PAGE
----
In 1969 in Palo Alto California, a history teacher by the name of Ben Ross decided to answer a question that many have asked concerning the Nazi rise of power in Germany prior and during World War II. The question at hand: How did an entire populace find themselves following to the letter the orders of a single man and even though the Nazis themselves were a minority party within the country, just how were they able to perform the atrocities they did without the rest of the country doing anything about it? And, in the end, how could the country claim lack of knowledge surrounding the events?
This very same question was raised after Ross showed one of his history classes a film depicting the death camps of Nazi Germany. Ben Ross realized he didn't have these answers his students were asking. And being one that is interested and who cares when his students ask him questions and show interest in their studies (quite lacking in most of today's school systems, it seems), he began to research these questions only to find that no books or other media had the answers either.
What followed was a sociological experiment that Ben Ross attempted with his class. Beginning with simple slogans like "Strength through discipline! Strength through community!" he began a short lived movement that he dubbed The Wave. The result was quite fascinating. The students began to react and believe in this movement as something more than an experiment. They became willing guinea pigs under the leadership of Ross, who himself also began to succumb to the thirst for power that a small taste of it gave him.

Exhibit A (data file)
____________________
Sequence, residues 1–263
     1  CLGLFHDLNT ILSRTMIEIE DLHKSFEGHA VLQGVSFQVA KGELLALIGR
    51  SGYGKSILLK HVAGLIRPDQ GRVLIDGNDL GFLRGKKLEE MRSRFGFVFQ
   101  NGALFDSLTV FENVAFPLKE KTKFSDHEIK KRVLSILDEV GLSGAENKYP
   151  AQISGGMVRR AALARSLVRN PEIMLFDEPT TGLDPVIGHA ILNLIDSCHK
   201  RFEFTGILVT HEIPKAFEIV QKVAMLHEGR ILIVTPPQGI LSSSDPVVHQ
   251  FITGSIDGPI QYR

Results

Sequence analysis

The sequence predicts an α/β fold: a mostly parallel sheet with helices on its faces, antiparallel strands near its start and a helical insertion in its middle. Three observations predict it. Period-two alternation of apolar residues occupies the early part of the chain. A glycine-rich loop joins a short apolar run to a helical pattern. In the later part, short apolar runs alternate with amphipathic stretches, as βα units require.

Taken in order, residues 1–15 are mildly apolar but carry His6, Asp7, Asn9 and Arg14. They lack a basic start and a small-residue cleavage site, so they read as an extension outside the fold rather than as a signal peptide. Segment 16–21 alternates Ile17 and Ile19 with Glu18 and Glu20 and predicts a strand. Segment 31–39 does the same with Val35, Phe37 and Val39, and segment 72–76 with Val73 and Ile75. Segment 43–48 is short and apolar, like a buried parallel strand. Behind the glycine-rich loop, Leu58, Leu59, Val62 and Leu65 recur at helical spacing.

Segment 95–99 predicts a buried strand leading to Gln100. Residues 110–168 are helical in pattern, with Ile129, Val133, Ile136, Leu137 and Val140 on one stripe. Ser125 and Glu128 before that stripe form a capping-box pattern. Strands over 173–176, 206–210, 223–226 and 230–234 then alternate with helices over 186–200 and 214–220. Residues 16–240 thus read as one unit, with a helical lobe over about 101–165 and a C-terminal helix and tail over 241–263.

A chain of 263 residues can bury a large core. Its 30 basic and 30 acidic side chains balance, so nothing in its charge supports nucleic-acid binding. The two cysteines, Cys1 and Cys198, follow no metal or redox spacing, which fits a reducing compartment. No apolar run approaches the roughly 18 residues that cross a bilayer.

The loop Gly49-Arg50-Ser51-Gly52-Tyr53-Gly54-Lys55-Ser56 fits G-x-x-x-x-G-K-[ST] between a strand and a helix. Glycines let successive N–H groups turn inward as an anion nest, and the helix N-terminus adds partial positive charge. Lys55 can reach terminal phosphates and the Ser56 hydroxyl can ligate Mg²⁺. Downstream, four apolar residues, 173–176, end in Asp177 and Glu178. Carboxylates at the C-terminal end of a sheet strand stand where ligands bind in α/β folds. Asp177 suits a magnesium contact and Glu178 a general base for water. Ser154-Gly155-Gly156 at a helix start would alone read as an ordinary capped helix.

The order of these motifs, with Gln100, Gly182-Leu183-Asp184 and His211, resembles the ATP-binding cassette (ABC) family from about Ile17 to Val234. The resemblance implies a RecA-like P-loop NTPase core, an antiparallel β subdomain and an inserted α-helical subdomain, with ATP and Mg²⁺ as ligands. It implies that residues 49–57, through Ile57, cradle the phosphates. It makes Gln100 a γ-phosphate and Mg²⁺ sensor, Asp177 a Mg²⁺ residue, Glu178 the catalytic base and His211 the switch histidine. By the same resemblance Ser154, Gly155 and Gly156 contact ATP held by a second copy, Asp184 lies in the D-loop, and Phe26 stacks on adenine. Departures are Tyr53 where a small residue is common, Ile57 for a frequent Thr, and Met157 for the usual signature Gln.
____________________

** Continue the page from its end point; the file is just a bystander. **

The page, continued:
The Wave swept through the school. Shortly thereafter, other classes were joining. Then other grades. Then violence began to erupt as those who believed in the movement began to push against those who didn't want to join. Some didn't want to join because they found it scary or creepy, while others didn't want to join simply because they didn't find an interest in it. School functions and football games became segregated, members of The Wave having to salute to gain access. Those not part of the movement began to be shunned and ostracized. The school newspaper printed stories about the bad side of the movement, and the high school editor received threats and scare tactics to be forced not to print any more information against the movement - freedom of speech is usually the first to go to silence the critics.
And so Ben Ross created a monster - and in the interim the experiment helped answer the questions that began the ordeal. The closing rally that ended the movement was catastrophic to some of the members. It took a monumental shock to show the members just what it was they had become. But one question does remain - just how far could The Wave have gone if left to continue? Already the ugly beasts of fascism and fear were rearing their heads - would it have gone all the way?
The Wave is a rather short novel. Generically written, it is nonetheless a fascinating story. I first came across it as a made-for-TV movie in the 80's, though I can't recall if I had seen it in one of my high school classes or at home. But I remembered seeing it when I came across this short book in a library somewhere. It just found its way back to my new house recently, and looking for something quick it became good commute reading.
The Wave by Morton Rhue
Copyright © 1981 by dell Publishing Co., Inc. and T.A.T. Communications Company
Published by Dell Publishing Co., Inc.